Meanwhile, the new jobs legislation proposed by President Obama in September included in its funding mechanisms for an estimated $42 billion in savings that would come from nursing homes, rehabilitation centers and LTC facilities by encouraging increased efficiencies in providing care immediately after patients are discharged from the hospital.

The administration pointed out in its explanation of its healthcare provisions that over the years, expenditures for SNFs, LTC hospitals and inpatient rehabilitation facilities have increased dramatically. “Payments in excess of the costs of providing high quality and efficient care place a drain on Medicare,” the statement said, adding that payment for the same service varies by provider type.

Thus, its proposal includes these policies:

  • Adjust payment updates for certain post-acute care providers, gradually realigning payments with costs through adjustments to payment rate updates in 2014 through 2021.

  • Equalize payments for certain conditions, reducing the differences in payment by inpatient rehabilitation facilities and SNFs for treatment of specified conditions to encourage care in the most clinically appropriate setting beginning in FY 2013.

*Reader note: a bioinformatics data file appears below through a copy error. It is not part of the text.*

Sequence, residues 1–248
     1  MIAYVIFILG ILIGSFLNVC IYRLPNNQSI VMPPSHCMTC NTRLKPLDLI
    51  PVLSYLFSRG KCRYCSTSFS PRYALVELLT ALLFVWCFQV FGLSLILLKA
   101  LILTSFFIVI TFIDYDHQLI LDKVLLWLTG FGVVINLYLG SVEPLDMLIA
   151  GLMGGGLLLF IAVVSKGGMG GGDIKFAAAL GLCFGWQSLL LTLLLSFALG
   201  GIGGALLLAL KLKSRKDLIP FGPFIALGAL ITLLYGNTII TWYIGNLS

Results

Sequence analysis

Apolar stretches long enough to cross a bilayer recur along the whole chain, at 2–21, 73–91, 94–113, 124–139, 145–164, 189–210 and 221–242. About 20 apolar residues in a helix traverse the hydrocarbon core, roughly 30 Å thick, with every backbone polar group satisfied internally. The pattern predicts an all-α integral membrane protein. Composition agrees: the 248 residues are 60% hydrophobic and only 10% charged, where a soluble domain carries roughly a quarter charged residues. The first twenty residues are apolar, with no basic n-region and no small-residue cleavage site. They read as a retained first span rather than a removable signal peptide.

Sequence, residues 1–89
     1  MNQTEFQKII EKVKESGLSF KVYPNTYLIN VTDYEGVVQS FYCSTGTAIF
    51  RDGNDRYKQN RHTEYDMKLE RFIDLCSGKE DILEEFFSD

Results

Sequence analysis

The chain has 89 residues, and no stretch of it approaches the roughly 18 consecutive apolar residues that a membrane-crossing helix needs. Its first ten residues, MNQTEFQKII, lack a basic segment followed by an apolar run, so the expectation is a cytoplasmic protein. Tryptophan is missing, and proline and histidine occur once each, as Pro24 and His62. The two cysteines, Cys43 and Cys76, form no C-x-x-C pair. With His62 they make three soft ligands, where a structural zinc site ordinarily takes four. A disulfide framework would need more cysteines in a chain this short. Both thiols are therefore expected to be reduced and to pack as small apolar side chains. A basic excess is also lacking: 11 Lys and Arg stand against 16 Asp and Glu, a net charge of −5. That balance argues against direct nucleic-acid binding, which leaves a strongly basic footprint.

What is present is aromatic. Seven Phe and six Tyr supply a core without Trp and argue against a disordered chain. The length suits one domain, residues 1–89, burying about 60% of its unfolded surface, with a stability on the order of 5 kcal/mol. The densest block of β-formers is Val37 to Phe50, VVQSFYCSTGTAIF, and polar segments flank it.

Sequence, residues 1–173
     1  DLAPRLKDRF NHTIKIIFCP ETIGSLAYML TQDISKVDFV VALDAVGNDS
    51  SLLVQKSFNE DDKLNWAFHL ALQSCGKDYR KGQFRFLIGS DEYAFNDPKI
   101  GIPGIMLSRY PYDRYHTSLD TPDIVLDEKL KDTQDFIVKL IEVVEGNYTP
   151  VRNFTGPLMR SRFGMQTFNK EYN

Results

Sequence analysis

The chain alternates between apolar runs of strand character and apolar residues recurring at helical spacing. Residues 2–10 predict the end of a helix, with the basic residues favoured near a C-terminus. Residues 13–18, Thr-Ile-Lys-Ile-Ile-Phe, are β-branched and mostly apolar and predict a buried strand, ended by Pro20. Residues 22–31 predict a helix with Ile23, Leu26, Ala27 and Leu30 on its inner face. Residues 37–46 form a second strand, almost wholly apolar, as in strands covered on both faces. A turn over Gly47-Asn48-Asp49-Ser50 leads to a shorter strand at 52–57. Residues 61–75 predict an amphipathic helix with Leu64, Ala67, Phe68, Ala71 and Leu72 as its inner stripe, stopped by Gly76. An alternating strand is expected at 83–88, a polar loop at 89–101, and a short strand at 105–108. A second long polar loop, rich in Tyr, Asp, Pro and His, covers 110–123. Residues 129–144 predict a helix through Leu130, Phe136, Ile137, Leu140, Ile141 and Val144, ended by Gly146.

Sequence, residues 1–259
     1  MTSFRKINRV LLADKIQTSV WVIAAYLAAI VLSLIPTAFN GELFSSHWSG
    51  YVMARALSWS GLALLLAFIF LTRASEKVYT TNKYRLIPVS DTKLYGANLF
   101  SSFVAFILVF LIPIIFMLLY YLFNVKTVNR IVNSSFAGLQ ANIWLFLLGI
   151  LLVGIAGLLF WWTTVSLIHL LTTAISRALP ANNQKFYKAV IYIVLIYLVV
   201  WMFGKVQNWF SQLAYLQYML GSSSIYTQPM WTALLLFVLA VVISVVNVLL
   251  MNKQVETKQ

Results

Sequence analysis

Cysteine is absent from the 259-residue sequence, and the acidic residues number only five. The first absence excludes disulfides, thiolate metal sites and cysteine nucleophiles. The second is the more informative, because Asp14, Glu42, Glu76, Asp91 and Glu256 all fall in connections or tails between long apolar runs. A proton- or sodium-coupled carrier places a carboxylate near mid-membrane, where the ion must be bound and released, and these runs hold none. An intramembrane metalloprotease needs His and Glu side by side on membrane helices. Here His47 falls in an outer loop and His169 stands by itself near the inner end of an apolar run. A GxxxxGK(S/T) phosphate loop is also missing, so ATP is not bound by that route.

• Encourage appropriate use of inpatient rehabilitation hospitals, updating compliance requirements to better ensure that the higher payments to these facilities apply to cases requiring this level of care.

  • Adjust SNF payments to reduce hospital readmissions. The administration said nearly 14 percent of Medicare patients that are discharged from a hospital to a SNF are readmitted for avoidable conditions. This proposal reduces SNF payments by up to 3 percent beginning in FY 2013 for facilities with high rates of care-sensitive, preventable hospital readmissions.

“The new Medicare and Medicaid cuts proposed today-on top of the many cuts already in place-would significantly compound the growing SNF sector instability placing patients, our workforce and local facilities at risk,” says Alan G. Rosenbloom, president of the Alliance for Quality Nursing Home Care. “We will continue to point out that SNFs are already part of the solution to cost efficiency in the context of the deficit reduction discussion, and are key to maintaining quality care at a comparatively favorable price point. Further weakening our sector with more Medicare and Medicaid cuts is counterproductive to our nation’s healthcare objectives.”

While strong Republican opposition in Congress has virtually killed the jobs bill, continued efforts to find budget savings can be expected to include similar provisions as that process moves ahead. Long-term care needs to continue its battle as deficit reduction negotiations continue.

Bob Gatty has covered governmental developments for the trade and business press for more than 30 years. He is founder and president of G-Net Strategic Communications, Sykesville, Md. Long-Term Living 2011 November;60(11):16-17